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NEW YORK (AP) — Strong earnings from technology companies including Intel Corp. sent stocks soaring Wednesday. The Nasdaq composite index had its biggest one-day jump in six months.
The Nasdaq rose 57, or 2 percent, to 2,802 in early afternoon trading. The technology-focused index hasn't risen that much since Oct. 5.
The Dow Jones Industrial Average rose 200 points, or 1.6 percent, to 12,467.
Intel rose 6 percent, the most of the 30 companies in the Dow average, after the chip-maker reported that its income rose 29 percent in the first quarter because of rising demand for personal computers. The results easily beat analysts' expectations and allayed concerns that surging sales of tablet computers would hurt Intel's results.
The Standard & Poor's 500 index rose 19, or 1.5 percent, to 1,331.
Amphenol Corp. rose 6 percent, the most of any company in the S&P 500 index, after reporting that its earnings per share rose 31 percent. The company makes fiber optic connectors and electrical equipment.
Several other prominent companies also reported much stronger earnings. Freeport-McMoRan Copper & Gold Inc. jumped 4 percent after the mining company's income came in well ahead of analysts' expectations.
Industrial conglomerate United Technologies Corp. rose 4 percent after its income rose 17 percent, also beating Wall Street expectations. The company also raised its forecast for 2011 profit.
Wynn Resorts Ltd. rose 7 percent after its revenue climbed 39 percent. The casino operator opened a new Macau resort and won more money from gamblers at table games in Las Vegas.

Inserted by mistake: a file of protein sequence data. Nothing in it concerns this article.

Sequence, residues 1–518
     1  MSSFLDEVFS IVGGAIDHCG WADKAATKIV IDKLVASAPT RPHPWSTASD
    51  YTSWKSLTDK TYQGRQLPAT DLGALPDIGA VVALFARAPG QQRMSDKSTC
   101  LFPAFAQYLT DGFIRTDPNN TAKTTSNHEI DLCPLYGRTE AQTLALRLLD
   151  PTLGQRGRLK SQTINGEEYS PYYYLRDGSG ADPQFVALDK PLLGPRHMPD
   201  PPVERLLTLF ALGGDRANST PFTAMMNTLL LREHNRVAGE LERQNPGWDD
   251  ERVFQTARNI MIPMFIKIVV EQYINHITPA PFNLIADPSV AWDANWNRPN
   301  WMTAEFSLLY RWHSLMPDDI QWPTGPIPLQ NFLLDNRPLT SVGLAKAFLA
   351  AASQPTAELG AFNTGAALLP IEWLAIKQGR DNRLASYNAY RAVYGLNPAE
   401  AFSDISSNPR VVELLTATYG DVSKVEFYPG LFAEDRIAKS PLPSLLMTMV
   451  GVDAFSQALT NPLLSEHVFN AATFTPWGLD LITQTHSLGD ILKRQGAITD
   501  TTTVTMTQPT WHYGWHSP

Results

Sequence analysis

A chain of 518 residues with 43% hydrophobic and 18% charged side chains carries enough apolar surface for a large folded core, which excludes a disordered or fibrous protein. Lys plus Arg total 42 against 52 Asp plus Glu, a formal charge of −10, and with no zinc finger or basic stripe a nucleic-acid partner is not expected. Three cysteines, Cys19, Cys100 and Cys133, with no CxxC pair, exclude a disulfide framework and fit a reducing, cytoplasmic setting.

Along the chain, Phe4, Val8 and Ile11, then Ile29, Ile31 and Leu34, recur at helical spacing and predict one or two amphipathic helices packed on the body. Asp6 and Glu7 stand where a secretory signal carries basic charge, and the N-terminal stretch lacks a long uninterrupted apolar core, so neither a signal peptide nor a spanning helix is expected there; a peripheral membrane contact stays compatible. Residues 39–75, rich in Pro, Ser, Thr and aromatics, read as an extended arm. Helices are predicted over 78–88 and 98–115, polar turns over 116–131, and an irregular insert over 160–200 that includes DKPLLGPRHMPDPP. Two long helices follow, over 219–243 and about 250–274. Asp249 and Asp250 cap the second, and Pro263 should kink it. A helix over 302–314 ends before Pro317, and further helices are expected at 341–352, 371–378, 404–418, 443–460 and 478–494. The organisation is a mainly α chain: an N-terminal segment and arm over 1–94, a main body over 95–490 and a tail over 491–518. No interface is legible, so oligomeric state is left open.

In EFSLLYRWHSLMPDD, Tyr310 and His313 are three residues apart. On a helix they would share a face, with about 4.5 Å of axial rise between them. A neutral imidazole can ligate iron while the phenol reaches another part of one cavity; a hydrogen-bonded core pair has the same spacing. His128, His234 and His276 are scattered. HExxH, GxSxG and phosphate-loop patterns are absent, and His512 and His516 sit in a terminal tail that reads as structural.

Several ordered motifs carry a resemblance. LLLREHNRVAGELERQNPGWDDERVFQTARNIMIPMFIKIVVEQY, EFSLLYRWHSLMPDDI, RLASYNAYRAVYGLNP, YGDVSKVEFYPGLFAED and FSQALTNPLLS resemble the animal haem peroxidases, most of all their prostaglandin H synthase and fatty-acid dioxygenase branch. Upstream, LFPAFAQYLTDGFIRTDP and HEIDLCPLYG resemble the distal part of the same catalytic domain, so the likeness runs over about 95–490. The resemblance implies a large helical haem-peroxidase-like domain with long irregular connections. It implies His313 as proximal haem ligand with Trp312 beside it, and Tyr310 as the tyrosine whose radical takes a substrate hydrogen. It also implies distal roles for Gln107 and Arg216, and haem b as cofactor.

The stronger corporate earnings reports came after mainly disappointing results released last week. Google Inc. and Alcoa Inc. were among the big companies whose earnings didn't live up to expectations.
"The contrast from last week is driving stocks," said Clark Yingst, chief market analyst at investment bank Joseph Gunnar.
IBM Corp. also beat earnings expectations but the stock was flat after the company said it signed fewer overseas contracts.
Yahoo Inc. rose 5 percent after reporting that cost-cutting efforts pushed its earnings above Wall Street's expectations. Yahoo also reported a 10 percent jump in display advertising.
Not all companies beat expectations. Altria Group Inc. fell 0.6 percent after reporting that it sold fewer cigarettes.
AT&T Inc. fell 0.5 percent after saying it pulled in the lowest number of new subscribers for iPhones because of competition from Verizon.
Wells Fargo & Co. fell 4 percent, the most of any company in the S&P 500. The bank reported a sharp decline in new mortgages.